Call Her MOTHER

A poor woman cannot live on flattering paragraphs, and neither could Ernestine Schumann-Heink.

Dissertation research is not without its sloughs, doldrums, and tediums. One of my regular tasks is the scouring of back issues of old English- and German-language magazines and periodicals in search of any and all relevant mentions of Strauss and his theatrical collaborators. Many times I get through thousands of pages without a single significant mention, while some days it’s a regular harvest of goodies. Regardless, the historiographic benefit is invaluable by seeing how musical and theatrical life was constituted, valued, and consumed in print culture. It’s an excellent way to find figurative warts.

This aspect often leads to glorious discoveries with no relation to the immediate project, but which are valuable for their own sake. This item I found from Musical Courier is one such instance. From November 1921, it tells of another adventure in the life of the esteemed singer Mme. Ernestine Schumann-Heink, America’s most patriotic and vocal (in every sense of the phrase) adopted Austrian. She was always careful to confirm that latter point. Hers is perhaps one of the best and succinct statements of 19th-century European nationalism: “An Austrian never forgets 1866.”

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A noted Wagnerian, E-SH was a regular presence in opera houses and concert halls in Europe and America before the turn of the last century. She is a legend in Strauss lore as the first Klytemnästra in Elektra, yet she found the part so strenuous that she only sang in the first performance before departing. The occasion remained vivid in her memory as she recounted to the Boston Evening Transcript later that year: “‘Nefer again! Es war furchtbar! We were a set of madwomen; truly we were. He had written us so, and so we became in very truth. I have said these things to Herr Strauss himself, so I say them now. The music itself is maddening. He writes a beautiful, beautiful melody, five measures;’ (she indicates it with poised and swaying arm), ‘then he is sorry for writing something lovely and breaks off with a dissonance that wracks you.'” That neatly sums Elektra up, I think.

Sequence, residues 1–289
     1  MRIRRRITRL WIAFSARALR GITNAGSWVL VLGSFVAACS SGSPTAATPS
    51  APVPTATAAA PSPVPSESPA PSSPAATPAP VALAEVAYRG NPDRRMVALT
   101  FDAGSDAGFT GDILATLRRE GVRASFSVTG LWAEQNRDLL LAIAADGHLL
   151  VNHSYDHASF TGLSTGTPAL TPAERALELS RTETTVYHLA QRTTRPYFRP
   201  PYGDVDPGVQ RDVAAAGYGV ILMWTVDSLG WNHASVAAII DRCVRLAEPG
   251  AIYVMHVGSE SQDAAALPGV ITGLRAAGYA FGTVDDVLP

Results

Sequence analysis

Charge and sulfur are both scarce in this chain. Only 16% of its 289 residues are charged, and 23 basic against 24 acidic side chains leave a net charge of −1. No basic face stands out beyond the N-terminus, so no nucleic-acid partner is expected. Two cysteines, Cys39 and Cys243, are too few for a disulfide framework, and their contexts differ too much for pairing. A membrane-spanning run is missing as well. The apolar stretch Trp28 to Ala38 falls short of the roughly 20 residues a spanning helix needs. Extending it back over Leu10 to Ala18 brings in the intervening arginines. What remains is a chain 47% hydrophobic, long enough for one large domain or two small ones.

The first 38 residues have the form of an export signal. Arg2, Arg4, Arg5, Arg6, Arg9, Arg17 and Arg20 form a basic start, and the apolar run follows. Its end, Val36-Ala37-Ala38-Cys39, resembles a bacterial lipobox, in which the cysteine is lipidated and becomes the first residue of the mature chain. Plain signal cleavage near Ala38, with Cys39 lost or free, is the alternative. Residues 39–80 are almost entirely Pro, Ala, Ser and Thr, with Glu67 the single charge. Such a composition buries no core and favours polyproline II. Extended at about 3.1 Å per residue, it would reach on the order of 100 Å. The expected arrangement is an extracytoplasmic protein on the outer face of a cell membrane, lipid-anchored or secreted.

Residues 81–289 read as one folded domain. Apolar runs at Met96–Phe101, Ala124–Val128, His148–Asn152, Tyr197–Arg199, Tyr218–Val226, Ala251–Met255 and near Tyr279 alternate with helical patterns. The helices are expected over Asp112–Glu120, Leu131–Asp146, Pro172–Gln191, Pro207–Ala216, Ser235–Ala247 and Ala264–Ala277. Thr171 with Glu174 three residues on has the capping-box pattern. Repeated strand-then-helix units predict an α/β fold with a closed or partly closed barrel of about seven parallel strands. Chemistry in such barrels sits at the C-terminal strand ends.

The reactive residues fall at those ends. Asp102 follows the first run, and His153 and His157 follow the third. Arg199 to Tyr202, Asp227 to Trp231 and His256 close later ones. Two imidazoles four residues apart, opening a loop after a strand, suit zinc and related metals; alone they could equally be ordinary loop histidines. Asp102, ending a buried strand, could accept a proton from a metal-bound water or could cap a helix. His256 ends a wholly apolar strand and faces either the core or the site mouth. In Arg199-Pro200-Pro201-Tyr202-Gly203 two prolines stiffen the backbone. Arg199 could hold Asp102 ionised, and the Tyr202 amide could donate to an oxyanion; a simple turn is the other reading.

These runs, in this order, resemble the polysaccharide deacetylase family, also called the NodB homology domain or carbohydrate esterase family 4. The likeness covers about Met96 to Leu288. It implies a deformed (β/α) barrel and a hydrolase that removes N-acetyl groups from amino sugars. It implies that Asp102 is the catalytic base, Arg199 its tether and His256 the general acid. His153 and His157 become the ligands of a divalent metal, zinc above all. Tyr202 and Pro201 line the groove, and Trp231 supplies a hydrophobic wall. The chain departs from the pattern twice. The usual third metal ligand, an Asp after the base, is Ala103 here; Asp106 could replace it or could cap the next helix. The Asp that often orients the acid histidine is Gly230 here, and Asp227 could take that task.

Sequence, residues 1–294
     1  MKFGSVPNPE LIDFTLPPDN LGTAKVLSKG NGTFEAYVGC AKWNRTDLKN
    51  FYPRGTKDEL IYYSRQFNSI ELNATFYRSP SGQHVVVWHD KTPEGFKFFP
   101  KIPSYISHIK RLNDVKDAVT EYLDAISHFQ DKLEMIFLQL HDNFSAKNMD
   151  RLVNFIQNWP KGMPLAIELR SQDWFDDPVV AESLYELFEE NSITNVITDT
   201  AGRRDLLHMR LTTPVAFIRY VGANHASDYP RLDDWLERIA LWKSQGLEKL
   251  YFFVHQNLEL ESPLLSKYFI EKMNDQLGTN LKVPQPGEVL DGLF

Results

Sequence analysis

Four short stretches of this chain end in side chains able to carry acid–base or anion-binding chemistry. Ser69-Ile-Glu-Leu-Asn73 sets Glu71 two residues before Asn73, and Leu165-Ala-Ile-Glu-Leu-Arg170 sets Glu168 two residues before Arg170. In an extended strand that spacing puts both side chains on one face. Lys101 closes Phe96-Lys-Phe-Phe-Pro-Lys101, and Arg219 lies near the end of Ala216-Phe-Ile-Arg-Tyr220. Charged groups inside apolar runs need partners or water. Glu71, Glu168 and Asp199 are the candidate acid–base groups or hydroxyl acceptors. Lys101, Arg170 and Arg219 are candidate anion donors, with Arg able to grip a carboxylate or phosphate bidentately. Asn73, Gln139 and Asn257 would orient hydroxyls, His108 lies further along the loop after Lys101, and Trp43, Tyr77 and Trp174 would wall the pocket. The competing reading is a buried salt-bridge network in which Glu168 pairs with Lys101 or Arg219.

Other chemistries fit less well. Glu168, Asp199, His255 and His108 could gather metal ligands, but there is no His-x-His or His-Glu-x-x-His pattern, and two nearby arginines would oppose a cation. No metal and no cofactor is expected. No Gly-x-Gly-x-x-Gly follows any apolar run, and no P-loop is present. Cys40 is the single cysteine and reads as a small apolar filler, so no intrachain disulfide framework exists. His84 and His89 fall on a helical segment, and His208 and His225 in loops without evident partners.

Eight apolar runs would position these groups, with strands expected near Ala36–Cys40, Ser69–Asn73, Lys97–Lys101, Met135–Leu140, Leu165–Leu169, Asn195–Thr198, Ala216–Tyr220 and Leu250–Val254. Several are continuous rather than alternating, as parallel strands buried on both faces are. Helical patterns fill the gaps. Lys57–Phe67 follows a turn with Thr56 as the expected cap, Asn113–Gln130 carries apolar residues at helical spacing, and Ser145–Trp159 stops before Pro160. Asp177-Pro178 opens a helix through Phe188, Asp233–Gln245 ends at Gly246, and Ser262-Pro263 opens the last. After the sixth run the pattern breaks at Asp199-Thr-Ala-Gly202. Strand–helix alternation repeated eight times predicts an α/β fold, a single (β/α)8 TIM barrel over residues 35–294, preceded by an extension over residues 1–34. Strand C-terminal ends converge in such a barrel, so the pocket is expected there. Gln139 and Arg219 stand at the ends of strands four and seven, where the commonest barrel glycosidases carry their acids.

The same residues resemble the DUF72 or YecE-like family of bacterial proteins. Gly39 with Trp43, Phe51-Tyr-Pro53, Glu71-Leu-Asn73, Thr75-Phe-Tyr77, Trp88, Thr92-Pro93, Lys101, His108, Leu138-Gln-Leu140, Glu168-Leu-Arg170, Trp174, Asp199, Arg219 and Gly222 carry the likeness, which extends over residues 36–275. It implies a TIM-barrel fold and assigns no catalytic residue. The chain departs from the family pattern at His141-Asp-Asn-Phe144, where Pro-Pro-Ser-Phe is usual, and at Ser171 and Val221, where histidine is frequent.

What left me so tickled by the MC piece, however, was the epithet “Mother,” a term I frequently use in my daily Facebook history posts as a mark of my own queer reverence for individuals of stature like E-SH. I recalled then that the connotation was very different in 1921—even with the pantomime of the flag, which takes on a vaguely operatic quality. There was, however, no mugging for E-SH. After getting a bad wrap in the American press at the outbreak of the First World War in 1914, at which point one of her sons returned to Germany to enlist for the Fatherland, she instead became a tireless performer for U.S. troops after the country entered the conflict in 1917. With all her remaining sons now enlisted in the American armed forces, the term “Mother” was all-encompassing. In doing so, she helped raise hundreds of thousands of dollars in bonds for the war effort, singing in American Legion halls, hospitals, and disabled veterans’ homes from sea to shining sea. Her yuletide radio broadcasts of “Stille Nacht” were a holiday tradition. In later years, she had a grueling tour schedule around the globe, singing popular staples in vaudeville. Hers was a bold life and career, summed up best in her final words: “I die without fear or regret.”

Author: Ryan M. Prendergast

Ph.D. Candidate @ the University of Illinois. Theater, opera, music, media, art, history, detritus. I smile, of course, and go on drinking tea.

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